Three positives and three negatives from the Celtics first three games

If you looked at the Celtics schedule before the season, a 1-2 record through three games would seem just about right. However, the record only tells a sliver of the story.

Despite being only three games in, we've already seen some interesting story-lines develop. With that in mind, I thought I'd come up with "three up and three down" for the first three games. Let's get to it.

Three up:

1. The Celtics' rebounding

- Through three games the Celtics are grabbing 76.1% of all defensive rebounds (9th in the NBA), and a ridiculous 31.5% of all offensive rebounds (4th in the NBA). This is particularly impressive defensively, as the Cs ranked just 19th in the league last season in defensive rebounding. Watching the games, it's been really impressive how well the Celts have rebounded on the offensive end, especially in the second half last night when they grabbed 14 (!!) offensive rebounds, helping them cut a 31-point deficit all the way down to 1 before they lost to the Mavs.

Somewhat amazingly, the Celtics leading rebounder (by a whopping 2 boards per game) is Rajon Rondo, who is grabbing 8.7 per game in the early season. Not bad for a 6'1" dude.

2. The Celtics' interior defense has been better than expected

- There's a major caveat to this that we'll get to in the "three down" section (basically, the Celtics are getting torched from three), but early on, the Celtics interior defense has been much better than expected.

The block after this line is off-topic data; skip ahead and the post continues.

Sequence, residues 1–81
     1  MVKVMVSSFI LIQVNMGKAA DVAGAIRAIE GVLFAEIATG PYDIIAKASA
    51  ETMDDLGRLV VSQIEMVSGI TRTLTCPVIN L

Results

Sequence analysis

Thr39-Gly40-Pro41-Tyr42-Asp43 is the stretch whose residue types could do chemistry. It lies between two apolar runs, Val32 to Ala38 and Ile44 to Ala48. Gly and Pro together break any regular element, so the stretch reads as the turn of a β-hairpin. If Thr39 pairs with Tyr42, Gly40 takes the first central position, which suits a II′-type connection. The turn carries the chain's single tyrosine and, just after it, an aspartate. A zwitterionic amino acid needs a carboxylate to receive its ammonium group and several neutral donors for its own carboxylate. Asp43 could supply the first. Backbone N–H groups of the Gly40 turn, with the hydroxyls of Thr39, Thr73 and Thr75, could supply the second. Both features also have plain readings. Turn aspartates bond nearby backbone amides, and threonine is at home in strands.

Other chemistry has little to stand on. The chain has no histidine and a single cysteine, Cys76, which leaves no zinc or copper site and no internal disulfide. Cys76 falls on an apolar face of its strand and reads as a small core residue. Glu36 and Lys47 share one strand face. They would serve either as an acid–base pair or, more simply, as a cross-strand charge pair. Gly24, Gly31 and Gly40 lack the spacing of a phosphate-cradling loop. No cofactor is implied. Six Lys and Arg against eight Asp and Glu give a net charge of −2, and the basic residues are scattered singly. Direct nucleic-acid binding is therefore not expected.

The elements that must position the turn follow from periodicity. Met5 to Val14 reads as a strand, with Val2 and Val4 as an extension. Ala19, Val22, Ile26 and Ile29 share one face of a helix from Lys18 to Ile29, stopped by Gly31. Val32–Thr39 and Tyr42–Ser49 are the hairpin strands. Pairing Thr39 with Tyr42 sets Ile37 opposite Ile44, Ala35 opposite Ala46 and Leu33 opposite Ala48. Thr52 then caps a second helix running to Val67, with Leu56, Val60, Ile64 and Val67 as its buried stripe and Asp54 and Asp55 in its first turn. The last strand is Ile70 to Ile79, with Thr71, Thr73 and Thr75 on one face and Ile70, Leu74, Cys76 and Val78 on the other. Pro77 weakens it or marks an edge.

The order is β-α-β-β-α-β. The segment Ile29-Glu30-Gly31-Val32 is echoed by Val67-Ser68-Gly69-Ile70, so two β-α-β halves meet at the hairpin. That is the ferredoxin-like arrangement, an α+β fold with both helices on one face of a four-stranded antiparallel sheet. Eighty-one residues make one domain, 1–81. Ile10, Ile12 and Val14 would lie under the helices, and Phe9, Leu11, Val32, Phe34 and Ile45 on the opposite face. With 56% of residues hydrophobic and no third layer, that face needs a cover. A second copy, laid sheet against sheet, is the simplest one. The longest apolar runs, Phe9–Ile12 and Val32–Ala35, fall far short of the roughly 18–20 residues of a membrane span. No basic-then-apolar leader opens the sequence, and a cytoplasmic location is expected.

To this point, the Cs opponents (Brooklyn, Houston and Dallas) have shot just 51.3% on two-pointers, giving the Celtics the 8th best defensive shooting percentage against twos so far this year. And while it seems like the Celts are giving up a ton of trips to the line, they're actually only 19th in the league in defensive free throws allowed, which isn't terrible. So they're holding teams to a low percentage, and they're also not allowing a parade to the line. That's a good combo. These numbers are especially impressive when you consider the Celtics have already played two of the top eight offensive teams from last season in the Rockets and Mavericks, meaning if anything these numbers should be skewed towards the negative for the Cs..and they're not.

3. The Celtics are playing at a crazy fun pace

99.7. That is how many possessions the Celtics are averaging per game, and if you like up-and-down basketball, that's a beautiful thing. For years we watched the Pierce/KG/Ray Celtics plod along under Doc Rivers -- and for good reason. They were one of, if not the best half-court team in basketball, and they were also one of the oldest teams in the league. Playing slow was the way to go..and it worked. But that era is dead, and in it's place we have the 7th youngest roster in the NBA, and a point guard who the capability to run-and-gun with the best of them.

The Celtics are currently playing the second fastest pace in the NBA, and that has led them to averaging 108 points per game (3rd in the NBA) and allowing 109 PPG (29th in the NBA). Considering their roster type (young, deep, little top end talent besides their point guard, no real interior presence, flush with three-point shooters (even if those threes aren't going in yet..more on that in a moment)) -- this is how this team will compete this season. No, they won't win as many as they lose, but playing this fast should help them neutralize some of the better teams in the league, as very few of those teams want to play as fast as the Celts are currently playing.

Honorable mentions:

- Avery Bradley is playing really well offensively

- Rondo looks like Rondo (minus his ability to finish at the rim)